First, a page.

French crowdfunding platform courts bank partners to gain U.S. foothold

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Ulule, a French crowdfunding platform, is looking to make a name for itself in the United States.

The company, which has successfully funded more than 32,000 projects and raised $208 million in Europe since 2010, is working with the $101 billion-asset Bank of the West to offer coaching and support to selected women and minority entrepreneurs planning crowdfunding campaigns.

Ulule's long-term ambition is to work with more banks and credit unions to build a nationwide presence to rival Kickstarter, Indiegogo, GoFundMe and other leading U.S. crowdfunders.

“I like to say that we're the largest crowdfunding platform you haven't heard of,” said Thomas Sychterz, Ulule’s North American chief operating officer. “As of today, a large amount of our clientele is still in Europe, but we're looking to keep planting the seeds to grow in the U.S. and Canadian markets.”

Ulule intended to make a splashier entrance in the U.S. market. Plans for a series of pitch events bringing small businesses and potential investors together across California were curtailed by the coronavirus pandemic.

Still, Ulule wants to hit the ground running when the pandemic subsides, and Sychterz says forging more partnerships is critical because working with banks and credit unions would provide his company with instant credibility. Exposure to crowdfunding lets bankers “touch base” with a number of businesses they might otherwise struggle to reach, he said.

“It's such a powerful untapped opportunity for [banks] to connect with their future clients,” Sychterz said. “I always say, a Ulule client today is a business banking client in three months.”

“Microenterprise is a powerful opportunity to advance the financial stability of business owners, while also supporting revenue and job creation in local economies," said Michelle DiGangi, Bank of the West's head of small business and medium enterprise.

The partnership with Ulule will "provide free, valuable resources to help early stage entrepreneurs bring their ideas to life," DiGangi added. The collaboration "is one way business owners can learn about new opportunities — such as crowdfunding or social media marketing — that can help them start or grow their business even during these challenging times.”

Ulule hopes to work with banks across the country.

“We're definitely open to connecting with other financial institutions in various states,” Sychterz said. “The more partners we can gather, the better for the entrepreneurs.”

Ulule is a rewards crowdfunder, which means investors do not benefit financially from backing a campaign. As part of its business model, here and in Europe, Ulule offers coaching and support to businesses that use its platform. It claims more than 3 million members and a 74% success rate.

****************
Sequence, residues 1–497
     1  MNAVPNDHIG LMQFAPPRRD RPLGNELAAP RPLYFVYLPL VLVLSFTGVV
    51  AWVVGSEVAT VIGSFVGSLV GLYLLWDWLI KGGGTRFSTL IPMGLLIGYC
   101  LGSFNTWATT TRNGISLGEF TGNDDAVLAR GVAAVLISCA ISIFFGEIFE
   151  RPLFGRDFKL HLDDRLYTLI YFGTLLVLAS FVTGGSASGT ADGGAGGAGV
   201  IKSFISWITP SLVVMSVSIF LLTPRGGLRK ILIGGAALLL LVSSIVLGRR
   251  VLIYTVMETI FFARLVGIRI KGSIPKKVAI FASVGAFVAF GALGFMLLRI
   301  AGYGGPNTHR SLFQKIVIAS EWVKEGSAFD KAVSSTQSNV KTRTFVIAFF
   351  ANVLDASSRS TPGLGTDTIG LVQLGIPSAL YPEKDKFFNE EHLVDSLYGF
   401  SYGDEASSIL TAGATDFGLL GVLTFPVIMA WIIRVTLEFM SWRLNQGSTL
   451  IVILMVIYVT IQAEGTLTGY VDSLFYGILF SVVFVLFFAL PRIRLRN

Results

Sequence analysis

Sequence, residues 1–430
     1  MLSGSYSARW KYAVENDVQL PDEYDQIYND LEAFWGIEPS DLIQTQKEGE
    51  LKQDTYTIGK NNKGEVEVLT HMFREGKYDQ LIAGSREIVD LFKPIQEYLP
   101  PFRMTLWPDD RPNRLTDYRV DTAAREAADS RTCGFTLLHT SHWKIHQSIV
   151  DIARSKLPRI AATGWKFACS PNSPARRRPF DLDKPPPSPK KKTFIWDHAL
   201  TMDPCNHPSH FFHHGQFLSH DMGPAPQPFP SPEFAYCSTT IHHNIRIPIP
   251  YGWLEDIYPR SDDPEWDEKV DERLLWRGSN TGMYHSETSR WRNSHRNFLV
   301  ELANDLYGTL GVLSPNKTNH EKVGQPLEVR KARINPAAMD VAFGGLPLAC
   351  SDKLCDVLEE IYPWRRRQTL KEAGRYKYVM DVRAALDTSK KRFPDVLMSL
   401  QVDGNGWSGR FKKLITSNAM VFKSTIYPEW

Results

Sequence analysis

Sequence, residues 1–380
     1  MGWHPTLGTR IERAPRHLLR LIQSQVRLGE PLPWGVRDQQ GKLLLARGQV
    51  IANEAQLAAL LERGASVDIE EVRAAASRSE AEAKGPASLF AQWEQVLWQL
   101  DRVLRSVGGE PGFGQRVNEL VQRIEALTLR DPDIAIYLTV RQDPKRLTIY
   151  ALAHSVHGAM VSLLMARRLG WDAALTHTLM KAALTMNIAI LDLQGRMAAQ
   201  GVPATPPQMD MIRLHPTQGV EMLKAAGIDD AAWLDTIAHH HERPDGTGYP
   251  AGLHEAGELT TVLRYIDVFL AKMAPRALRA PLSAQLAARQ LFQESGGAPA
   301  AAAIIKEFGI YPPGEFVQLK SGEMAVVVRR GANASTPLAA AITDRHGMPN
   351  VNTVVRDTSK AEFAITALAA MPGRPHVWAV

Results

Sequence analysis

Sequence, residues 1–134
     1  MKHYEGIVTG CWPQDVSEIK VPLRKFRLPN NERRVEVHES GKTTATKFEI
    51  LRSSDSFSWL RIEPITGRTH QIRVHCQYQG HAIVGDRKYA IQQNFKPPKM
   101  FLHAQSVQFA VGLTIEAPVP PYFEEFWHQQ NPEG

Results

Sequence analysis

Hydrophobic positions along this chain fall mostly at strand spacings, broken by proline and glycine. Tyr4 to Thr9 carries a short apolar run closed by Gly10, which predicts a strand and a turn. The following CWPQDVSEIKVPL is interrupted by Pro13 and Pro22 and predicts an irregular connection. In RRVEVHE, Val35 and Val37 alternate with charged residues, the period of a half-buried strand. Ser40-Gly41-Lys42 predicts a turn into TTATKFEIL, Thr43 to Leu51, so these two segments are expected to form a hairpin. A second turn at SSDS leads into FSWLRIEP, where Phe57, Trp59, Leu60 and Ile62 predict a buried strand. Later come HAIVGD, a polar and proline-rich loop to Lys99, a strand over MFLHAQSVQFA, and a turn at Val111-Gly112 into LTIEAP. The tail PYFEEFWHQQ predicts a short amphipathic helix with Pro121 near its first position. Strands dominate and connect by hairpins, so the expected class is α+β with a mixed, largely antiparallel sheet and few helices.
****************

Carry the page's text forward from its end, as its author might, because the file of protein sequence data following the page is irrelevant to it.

Capital Bancorp in Rockville, Md., has no links to crowdfunding, but CEO Ed Barry says Ulule’s proposition is worth considering.

“Everyone has been exploring alternative data for a long time now … as a predictor of creditworthiness,” Barry said. “The ability to access crowdfunding could be another one of those."

Ulule could "be on to something" if it can help traditional lenders get a better understanding of a potential client's risk, Barry added.

For now, Capital relies largely on Small Business Administration programs to serve early stage businesses.

“We evaluate nontraditional credit sources and work creatively with businesses to secure them loans," Barry said. “We’re also flexible in how we use credit enhancements to structure loans.”

Sometimes, however, a business is just too green for a bank loan.

In those cases, “we try to help them as an adviser … whether it’s introductions to venture capitalists, other angel investors, accountants, lawyers,” Barry said. “That’s where some of the community banks really step up and do a good job of helping rightsize folks and tap into the broader local network and maybe find those resources.”

More to the point for Ulule, banks like Capital could also serve as sources of referrals.

“Smaller companies go to a bank and ask for a loan, and you talk to them and say, 'A loan might not be the right decision for you given the nature of your business plan,’ " Barry said.

“For smaller ventures, crowdfunding may be a way to get some smaller projects off the ground,” he added.

At the same time, Ulule and other crowdfunding platforms can serve as a “de-risking” tool for bankers, with a successful campaign demonstrating the viability of a small businesses, Sychterz said.

“I think banks see us as a really interesting partner,” he said. “We can vet an entrepreneur and show they have the tools for success.”

Not everyone is sold on the concept.

John Fanning, a longtime internet entrepreneur and investor who served as founding chairman and CEO of Napster in 2001, said he was less sure about the potential for synergy between banks and crowdfunders.

“I have never heard of Ulule, but I have heard of Kickstarter, and the idea of banks referring people to Kickstarter seems far-fetched,” Fanning said. "If you want to get U.S. customers, you have to do that with digital and traditional marketing. I have no idea who would be willing to provide the capital needed to fund that effort, but it sounds expensive.”

Sychterz insists Ulule is benefiting from its year-old ties with Bank of the West parent BNP Paribas.

"We're thrilled with the partnership” with the San Francisco-based Bank of the West, he said. "We're excited to be continuing this journey ... across California, and who knows, perhaps nationally.”

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